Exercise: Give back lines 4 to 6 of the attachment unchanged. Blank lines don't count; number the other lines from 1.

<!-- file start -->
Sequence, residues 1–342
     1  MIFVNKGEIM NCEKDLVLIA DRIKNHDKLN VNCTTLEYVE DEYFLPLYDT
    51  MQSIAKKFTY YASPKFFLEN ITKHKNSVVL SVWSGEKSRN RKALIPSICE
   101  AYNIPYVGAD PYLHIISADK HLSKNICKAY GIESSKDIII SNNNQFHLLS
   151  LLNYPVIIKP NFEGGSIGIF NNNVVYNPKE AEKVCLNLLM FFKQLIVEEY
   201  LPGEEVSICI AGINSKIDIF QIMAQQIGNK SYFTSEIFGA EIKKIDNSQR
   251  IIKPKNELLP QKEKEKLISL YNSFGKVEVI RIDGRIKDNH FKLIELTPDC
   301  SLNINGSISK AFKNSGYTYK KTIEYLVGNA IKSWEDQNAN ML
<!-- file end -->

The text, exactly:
   101  AYNIPYVGAD PYLHIISADK HLSKNICKAY GIESSKDIII SNNNQFHLLS
   151  LLNYPVIIKP NFEGGSIGIF NNNVVYNPKE AEKVCLNLLM FFKQLIVEEY
   201  LPGEEVSICI AGINSKIDIF QIMAQQIGNK SYFTSEIFGA EIKKIDNSQR